Reality, as it turned out, painted something different. Our bliss was short-lived. He needed a new job in Nashville. I was due for a significant promotion and pay raise where I worked, but until then, our finances were stretched thin. This caused a lot of stress. He filled out dozens of applications and went on several interviews to no avail. A deeper problem also arose when I realized that we were also becoming sexually incompatible. We could not see eye to eye on certain things, and he grew frustrated.
On my end, the promotion I had been promised kept being delayed. We had two car payments, rent, utilities, and other living expenses. The anxiety of it all made for a troubled home life. He became angry a lot, and I did a delicate dance of staying quiet while being my usual passive, nonconfrontational self. Eventually, he could not talk to me without saying something harsh and resentful. He would hiss and show his fangs while I was consumed with guilt over how all of this was turning out. In time, I started arguing back.
The inevitable moment came in a simple statement. His delivery was calm but strained. We were sitting in the room we designated as his office. He said, “I think we should break up.” I never knew how much a simple six-word sentence could feel so devastating. I was in shock. All I could think of to say was, “Yeah, I guess so.” I did not have it in me to fight for what we had. We had already lost our way.
Our relationship was the impossibility that I thought would never come. I suffered through numerous bad dates and empty one-night stands over 15 years of adulthood just to get to this point. Then it was all slipping away.
Over the next few days, he converted his office to a bedroom and moved into it. He claimed his bed that he had brought from North Carolina, and I was relegated to a fold-out sofa bed in what was now my own bedroom. We stopped talking and made our own meals. Our new challenge was figuring out what we were going to do about the eight remaining months of our apartment lease together. This home that we made was not a home anymore.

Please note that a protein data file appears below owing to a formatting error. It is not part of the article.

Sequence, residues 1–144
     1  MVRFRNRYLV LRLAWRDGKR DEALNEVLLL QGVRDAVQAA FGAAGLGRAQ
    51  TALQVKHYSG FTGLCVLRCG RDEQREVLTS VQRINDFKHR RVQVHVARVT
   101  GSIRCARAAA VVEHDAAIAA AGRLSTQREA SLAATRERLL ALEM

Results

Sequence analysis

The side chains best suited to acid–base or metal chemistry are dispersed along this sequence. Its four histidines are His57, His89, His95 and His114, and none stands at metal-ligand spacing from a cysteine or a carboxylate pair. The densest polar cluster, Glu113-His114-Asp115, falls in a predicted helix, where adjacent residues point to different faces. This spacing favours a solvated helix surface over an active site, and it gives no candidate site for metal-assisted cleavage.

In a couple of months, he secured a steady job, and my promotion finally came through. All too sadly, the damage had already been done. As much as I still loved him, his anger issues and erratic temper were more than I could bear. He was eager to leave and was eventually able to pay rent for a one-bedroom apartment across the courtyard from where we were. I made enough money to keep our two-bedroom on my own. Unfortunately, knowing that he lived across from me did not actually make the situation any better.
Sometimes I would catch him getting out of his car in the parking lot we still shared, or I would strain my neck to look across the courtyard to see if a light was on. I had to face all of the empty spaces where his furniture once stood. I found myself feeling sad all of the time: moping around in a pajama-laden, one-man zombie apocalypse, eating cheap meals from the frozen section of a nearby dollar store, and lingering in my car with an empty bag of Doritos and an embarrassing heap of Taco Bell burrito wrappers awkwardly hoping I might see him coming home or leaving.